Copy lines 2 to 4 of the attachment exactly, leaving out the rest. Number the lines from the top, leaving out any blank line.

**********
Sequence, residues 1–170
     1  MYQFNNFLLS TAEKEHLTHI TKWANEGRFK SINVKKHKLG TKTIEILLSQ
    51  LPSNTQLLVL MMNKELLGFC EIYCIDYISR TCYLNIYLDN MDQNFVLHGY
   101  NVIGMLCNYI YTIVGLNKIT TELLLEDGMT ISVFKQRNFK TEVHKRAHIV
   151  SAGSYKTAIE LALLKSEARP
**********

     1  MYQFNNFLLS TAEKEHLTHI TKWANEGRFK SINVKKHKLG TKTIEILLSQ
    51  LPSNTQLLVL MMNKELLGFC EIYCIDYISR TCYLNIYLDN MDQNFVLHGY
   101  NVIGMLCNYI YTIVGLNKIT TELLLEDGMT ISVFKQRNFK TEVHKRAHIV